Northwestern restructures lending policies

Jessica Allen

Northwestern will revamp its student loan policies for the 2010-11 academic year in response to the economic downturn and pending changes to federal student loans.

The University plans to switch to direct lending, allowing students to borrow from the federal government as opposed to private lenders for Stafford, Parent PLUS or GradPLUS loans.

“The main draw of the (private) program was loan providers would compete by offering different benefits,” said Brian Drabik, associate director of financial aid . “With this economic crisis, lenders could no longer afford these benefits.”

The changes will affect a significant number of students; 46 percent of NU undergraduates borrow through the federal loan programs and graduate with an average loan debt of less than $16,000, Drabik said.

NU currently participates in the Federal Family Education Loan Program. The program is being challenged by legislation passed in the U.S. House of Representatives as part of President Barack Obama’s goal to eliminate bank-based lending for students.

According to NU’s financial aid Web site, the school will switch to the William D. Ford Federal Direct Loan Program “to eliminate any possible risks to our students and parents that might be associated with either federal regulatory changes or market fluctuations affecting the FFEL program.”

In the Direct Loan Program, interest on Stafford loans will remain the same, while the interest rate on PLUS loans will decrease to 7.9 from 8.5 percent.

The policy change allows students to access the Income Contingent Repayment program, which matches lenders with monthly payments based on salary, family size and total loan burden. If payments are too low to cover the accumulating interest, a borrower’s overall debt could potentially grow. The program prevents this by subsidizing interest payments.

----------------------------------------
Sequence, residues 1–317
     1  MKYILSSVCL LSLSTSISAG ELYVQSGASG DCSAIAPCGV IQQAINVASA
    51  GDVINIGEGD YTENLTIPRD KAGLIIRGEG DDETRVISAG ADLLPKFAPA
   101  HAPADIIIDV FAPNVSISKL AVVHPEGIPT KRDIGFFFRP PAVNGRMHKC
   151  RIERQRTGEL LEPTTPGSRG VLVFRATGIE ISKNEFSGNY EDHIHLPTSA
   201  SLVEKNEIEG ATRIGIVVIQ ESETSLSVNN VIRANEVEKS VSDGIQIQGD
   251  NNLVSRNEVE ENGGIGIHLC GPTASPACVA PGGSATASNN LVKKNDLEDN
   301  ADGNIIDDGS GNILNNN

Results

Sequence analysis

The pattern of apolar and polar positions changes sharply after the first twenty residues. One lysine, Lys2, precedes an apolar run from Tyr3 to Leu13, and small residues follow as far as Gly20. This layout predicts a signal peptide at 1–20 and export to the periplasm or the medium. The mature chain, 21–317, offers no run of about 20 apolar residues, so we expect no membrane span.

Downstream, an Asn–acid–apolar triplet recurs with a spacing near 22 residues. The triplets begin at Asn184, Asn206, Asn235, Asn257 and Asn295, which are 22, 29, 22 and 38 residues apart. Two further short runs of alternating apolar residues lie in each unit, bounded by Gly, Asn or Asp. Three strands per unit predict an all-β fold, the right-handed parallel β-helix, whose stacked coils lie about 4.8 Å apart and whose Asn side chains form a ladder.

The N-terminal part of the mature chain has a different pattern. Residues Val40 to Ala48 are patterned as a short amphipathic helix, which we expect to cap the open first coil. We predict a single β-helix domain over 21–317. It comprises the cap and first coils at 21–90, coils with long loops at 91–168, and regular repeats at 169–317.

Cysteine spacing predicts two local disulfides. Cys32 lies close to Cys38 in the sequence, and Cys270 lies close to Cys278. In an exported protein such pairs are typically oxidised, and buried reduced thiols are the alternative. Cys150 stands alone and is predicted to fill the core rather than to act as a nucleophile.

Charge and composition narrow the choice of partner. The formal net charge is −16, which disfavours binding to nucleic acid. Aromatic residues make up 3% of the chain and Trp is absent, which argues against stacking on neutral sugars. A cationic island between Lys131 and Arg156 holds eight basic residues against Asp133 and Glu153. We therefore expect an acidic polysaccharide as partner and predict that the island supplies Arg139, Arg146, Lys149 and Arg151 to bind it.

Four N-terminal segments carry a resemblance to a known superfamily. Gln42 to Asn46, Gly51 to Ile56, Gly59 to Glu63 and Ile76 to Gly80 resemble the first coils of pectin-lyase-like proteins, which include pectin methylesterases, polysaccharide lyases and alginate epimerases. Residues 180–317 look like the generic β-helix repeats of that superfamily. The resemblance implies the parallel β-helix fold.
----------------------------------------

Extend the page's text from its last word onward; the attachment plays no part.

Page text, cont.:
In the program, borrowers will be relieved of unpaid loans after a maximum of 25 years of payments.

The Office of Undergraduate Financial Aid sent out an e-mail to students to notify them of the changes. The only action required of student borrowers is the signing of a Master Promissory Note with the Direct Loan Program.

Audrey Ross said she hasn’t really looked into the new loan program and relies on NU’s judgment.

“They never implied if it can be worse,” the McCormick freshman said. “They just said I had to go and sign another Master Promissory Note.”

McCormick sophomore Tom Pickerill said he doesn’t have an opinion regarding the policy change.

“I don’t think it will change too much,” he said. “To tell you the truth, I don’t know too much about it.”

Pickerill said NU hasn’t done that great of a job of informing students of the policy changes. He said he was directed to the financial aid Web site but didn’t get much out of it.

“I guess I’m not too worried right now, but maybe I should be,” he said.

As the loan system transitions, a number of students will graduate owing both the federal government and private lenders. The Direct Loan Program does offer student lenders the chance to consolidate their loans at graduation.

Even with a recovering economy, NU doesn’t anticipate switching back to the private industry, Drabik said.

“A lot of lenders are leaving the federal student lending business as it is,” he said. “It doesn’t look like that’s going to be a viable option.”

Other federal changes to improve student lending include a recent effort to simplify the Free Application for Federal Student Aid by eliminating questions and using friendlier navigation, according to the U.S. Department of Education blog.

Pickerill said a number of his friends didn’t apply to schools like NU based on the price tag and confusion over aid.

“Mainly the best thing about what they’re trying to do is make it more accessible to students who don’t know much about financial aid,” Pickerill said. “(My friends) could’ve done the same, but they had no idea how much help they can get.”[email protected]